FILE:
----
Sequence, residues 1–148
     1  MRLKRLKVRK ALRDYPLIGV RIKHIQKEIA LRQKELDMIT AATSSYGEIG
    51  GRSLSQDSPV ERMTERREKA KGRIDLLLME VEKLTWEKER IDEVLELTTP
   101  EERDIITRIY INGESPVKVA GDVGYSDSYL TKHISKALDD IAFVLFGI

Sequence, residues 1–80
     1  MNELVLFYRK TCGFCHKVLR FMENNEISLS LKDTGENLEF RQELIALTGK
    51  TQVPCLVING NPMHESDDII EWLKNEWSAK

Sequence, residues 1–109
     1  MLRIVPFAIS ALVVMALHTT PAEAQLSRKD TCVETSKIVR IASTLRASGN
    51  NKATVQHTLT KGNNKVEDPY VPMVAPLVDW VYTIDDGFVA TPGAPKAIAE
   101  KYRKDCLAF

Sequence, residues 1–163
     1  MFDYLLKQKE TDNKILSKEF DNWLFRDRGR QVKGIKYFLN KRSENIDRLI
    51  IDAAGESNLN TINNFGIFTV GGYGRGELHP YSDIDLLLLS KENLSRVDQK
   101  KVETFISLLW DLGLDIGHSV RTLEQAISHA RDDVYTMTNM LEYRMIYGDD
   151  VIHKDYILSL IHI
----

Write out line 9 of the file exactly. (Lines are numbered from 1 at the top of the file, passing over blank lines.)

     1  MLRIVPFAIS ALVVMALHTT PAEAQLSRKD TCVETSKIVR IASTLRASGN